Are those vital American constituencies likely to forget that because of one barnburner of a speech at the convention? Don’t hold your breath waiting for that, either.

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“I think if the election were held tomorrow, Obama would win the election,” said Steve Schmidt, a senior adviser to the McCain 2008 campaign, told NBC News’ Mark Murray. “And in the balance of days left in this election, Romney has to change the dynamic of the election.”

“He needs to bring definition to the race,” Schmidt said. “Why's he running for president? I think it's an unanswered question right now.” The very fact that a senior Republican analyst would say that, would have to even ask that question less than three months before the election, is problematic in and of itself.

For many months, Romney has communicated an indifference to the challenges of poor and middle-class Americans, and offered policy prescriptions that would preserve and deepen distinctions of class and income. For millions of Americans, as he prepares to accept the Republican nomination, he’s become the avatar of that indifference. His biography is marked by a disassociation with the public he courts, an existential disconnect with most of the people of the nation he presumes to lead.

You don’t change that with a speech at the convention.

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Some of the news analysts’ speculation about Romney’s speech transmits a feeling of it being “Romney’s last chance,” offers the idea that some rhetorical Hail Mary pass is imminent at the Tampa Bay Times Forum. But as the Republican National Committee prepares to roll out a “new Mitt Romney,” they need to manage their expectations about Romney countering the drift of his polling favorables, ever lurking in the 30th percentile, with one jaw-dropping address.

Romney is where he is for a reason. He’s arrived at this point in the campaign for a reason. Over the course of the campaign, as it’s unfolded organically, he’s expressed what comes across as a sometimes accidentally blunt insensitivity to the life stations and perspectives of millions of middle-class Americans.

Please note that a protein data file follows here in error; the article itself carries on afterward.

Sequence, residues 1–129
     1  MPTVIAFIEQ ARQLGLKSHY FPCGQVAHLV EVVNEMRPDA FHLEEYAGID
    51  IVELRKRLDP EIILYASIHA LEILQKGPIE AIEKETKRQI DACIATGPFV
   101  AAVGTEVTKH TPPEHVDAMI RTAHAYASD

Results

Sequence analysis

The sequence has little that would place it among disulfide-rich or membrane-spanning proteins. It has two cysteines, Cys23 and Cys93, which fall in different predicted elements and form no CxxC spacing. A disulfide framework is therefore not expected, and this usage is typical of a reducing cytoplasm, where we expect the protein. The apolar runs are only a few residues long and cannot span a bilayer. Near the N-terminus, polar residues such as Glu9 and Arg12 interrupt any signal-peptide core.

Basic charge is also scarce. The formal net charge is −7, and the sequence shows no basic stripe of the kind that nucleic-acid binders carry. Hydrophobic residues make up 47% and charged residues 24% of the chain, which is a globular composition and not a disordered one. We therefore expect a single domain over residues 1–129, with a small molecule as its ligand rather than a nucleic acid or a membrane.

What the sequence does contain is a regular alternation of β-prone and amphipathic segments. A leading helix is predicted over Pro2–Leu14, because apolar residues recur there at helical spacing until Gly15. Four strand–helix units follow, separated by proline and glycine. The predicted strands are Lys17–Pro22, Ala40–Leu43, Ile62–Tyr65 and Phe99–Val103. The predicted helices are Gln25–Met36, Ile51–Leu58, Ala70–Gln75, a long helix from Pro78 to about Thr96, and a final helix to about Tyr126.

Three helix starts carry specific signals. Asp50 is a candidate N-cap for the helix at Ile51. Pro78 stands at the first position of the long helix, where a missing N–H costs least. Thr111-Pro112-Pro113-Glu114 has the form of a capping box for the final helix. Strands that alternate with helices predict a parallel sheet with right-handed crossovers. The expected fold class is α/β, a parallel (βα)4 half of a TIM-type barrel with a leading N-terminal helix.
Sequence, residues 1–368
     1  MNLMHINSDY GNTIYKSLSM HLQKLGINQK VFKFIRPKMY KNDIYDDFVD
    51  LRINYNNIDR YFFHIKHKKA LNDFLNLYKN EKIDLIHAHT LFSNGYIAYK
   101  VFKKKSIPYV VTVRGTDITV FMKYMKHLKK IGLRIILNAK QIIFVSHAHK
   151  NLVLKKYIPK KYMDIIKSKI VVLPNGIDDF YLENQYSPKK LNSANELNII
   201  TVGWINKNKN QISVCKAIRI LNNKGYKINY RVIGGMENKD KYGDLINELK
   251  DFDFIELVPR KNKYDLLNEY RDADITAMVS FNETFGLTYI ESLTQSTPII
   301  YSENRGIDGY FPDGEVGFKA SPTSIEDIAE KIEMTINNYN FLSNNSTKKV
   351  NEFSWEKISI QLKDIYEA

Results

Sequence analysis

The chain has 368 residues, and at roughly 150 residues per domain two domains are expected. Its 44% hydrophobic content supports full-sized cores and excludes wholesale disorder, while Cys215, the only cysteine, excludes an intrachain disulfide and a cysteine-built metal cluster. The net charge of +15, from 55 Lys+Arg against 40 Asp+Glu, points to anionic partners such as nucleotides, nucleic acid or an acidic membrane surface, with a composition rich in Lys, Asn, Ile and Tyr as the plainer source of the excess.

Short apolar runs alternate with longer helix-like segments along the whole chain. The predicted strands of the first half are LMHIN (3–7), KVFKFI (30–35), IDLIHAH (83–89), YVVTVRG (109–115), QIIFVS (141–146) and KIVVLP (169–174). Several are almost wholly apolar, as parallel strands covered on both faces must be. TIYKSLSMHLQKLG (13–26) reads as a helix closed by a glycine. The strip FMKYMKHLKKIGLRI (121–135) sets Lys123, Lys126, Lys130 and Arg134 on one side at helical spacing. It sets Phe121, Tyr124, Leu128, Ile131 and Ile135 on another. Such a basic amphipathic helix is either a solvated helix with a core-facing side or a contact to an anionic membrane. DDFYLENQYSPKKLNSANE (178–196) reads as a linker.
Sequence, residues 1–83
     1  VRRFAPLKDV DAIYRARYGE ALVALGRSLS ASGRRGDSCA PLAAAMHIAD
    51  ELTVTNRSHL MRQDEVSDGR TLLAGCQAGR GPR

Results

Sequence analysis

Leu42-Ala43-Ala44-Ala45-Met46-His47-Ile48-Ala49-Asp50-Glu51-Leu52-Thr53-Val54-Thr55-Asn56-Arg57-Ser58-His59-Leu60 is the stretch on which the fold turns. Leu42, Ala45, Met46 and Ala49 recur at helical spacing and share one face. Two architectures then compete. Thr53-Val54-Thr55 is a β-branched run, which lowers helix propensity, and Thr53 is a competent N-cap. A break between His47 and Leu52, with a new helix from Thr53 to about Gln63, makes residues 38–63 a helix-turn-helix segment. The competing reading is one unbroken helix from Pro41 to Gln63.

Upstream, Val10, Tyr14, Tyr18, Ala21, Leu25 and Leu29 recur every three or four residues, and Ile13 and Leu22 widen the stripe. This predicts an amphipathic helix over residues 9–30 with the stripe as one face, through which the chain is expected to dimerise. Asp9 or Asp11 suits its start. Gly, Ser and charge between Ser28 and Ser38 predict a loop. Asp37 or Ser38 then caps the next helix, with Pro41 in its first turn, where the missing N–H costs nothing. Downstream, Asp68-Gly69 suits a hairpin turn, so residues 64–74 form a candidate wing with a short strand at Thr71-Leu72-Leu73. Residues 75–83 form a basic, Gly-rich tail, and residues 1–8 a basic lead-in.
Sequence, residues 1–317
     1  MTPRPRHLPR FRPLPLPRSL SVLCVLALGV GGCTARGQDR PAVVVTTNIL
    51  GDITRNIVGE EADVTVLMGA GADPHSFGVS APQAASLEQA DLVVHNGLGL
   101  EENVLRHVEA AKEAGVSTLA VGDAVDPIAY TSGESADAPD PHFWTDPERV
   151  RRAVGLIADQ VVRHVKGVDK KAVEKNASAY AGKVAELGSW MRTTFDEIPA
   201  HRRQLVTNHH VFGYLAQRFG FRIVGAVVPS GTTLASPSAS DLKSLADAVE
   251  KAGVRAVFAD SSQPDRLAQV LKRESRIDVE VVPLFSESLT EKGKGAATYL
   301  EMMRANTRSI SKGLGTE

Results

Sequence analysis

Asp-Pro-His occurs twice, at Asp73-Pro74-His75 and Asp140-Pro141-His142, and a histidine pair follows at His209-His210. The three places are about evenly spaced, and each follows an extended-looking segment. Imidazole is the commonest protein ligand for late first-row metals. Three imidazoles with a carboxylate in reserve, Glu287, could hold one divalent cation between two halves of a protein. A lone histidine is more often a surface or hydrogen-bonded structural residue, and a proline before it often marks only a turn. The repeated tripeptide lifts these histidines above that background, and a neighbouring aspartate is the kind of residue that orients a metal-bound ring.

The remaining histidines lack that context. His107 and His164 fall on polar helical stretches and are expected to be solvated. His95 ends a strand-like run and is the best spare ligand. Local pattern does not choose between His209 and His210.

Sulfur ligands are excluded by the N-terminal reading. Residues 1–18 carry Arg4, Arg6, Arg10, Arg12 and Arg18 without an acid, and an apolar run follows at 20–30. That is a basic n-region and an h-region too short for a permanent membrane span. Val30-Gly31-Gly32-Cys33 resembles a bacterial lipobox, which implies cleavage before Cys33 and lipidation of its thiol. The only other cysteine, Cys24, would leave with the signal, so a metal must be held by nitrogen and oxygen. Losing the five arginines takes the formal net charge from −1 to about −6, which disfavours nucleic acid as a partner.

Over the course of the campaign, Team Romney has navigated an increasingly rightward political course when much of the country is in a very different place, on a variety of issues.

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THE REPUBLICANS gathering in Tampa have to control the expectations that Mitt Romney will “reinvent” or “reintroduce” himself now to the broader American electorate he should have been trying to reach since he clinched in April.

Delivering the speech of one lifetime or ten can’t undo the arc of the narrative he has assiduously constructed over the last year-plus of the current campaign, and going back to 2008.

He can’t un-be who he is, and it’s very late in the day for him to change who we think he is. Any attempt at doing that at the convention, any transforming surprise will be seen for what Americans — with vast historical evidence — believe it to be: the candidate shaking the Etch a Sketch one more time, on the biggest stage of his public life.

Mitt Romney, a man who’s been in and out of numerous self-created containers of policy and philosophy, may now be inside the last box of his 2012 campaign: his own painfully cautious, relentlessly manicured, foundationally privileged image — the box of Mitt Romney himself.

Image credits: Romney: Gage Skidmore, republished under Creative Commons Attribution-Share Alike 2.0 Generic license. NBC/Wall Street Journal poll breakout: © 2012 Peter D. Hart Research Associates, for NBC News and The Wall Street Journal. GOP convention logo: © 2012 2011-12 Committee on Arrangements for the 2012 Republican National Convention.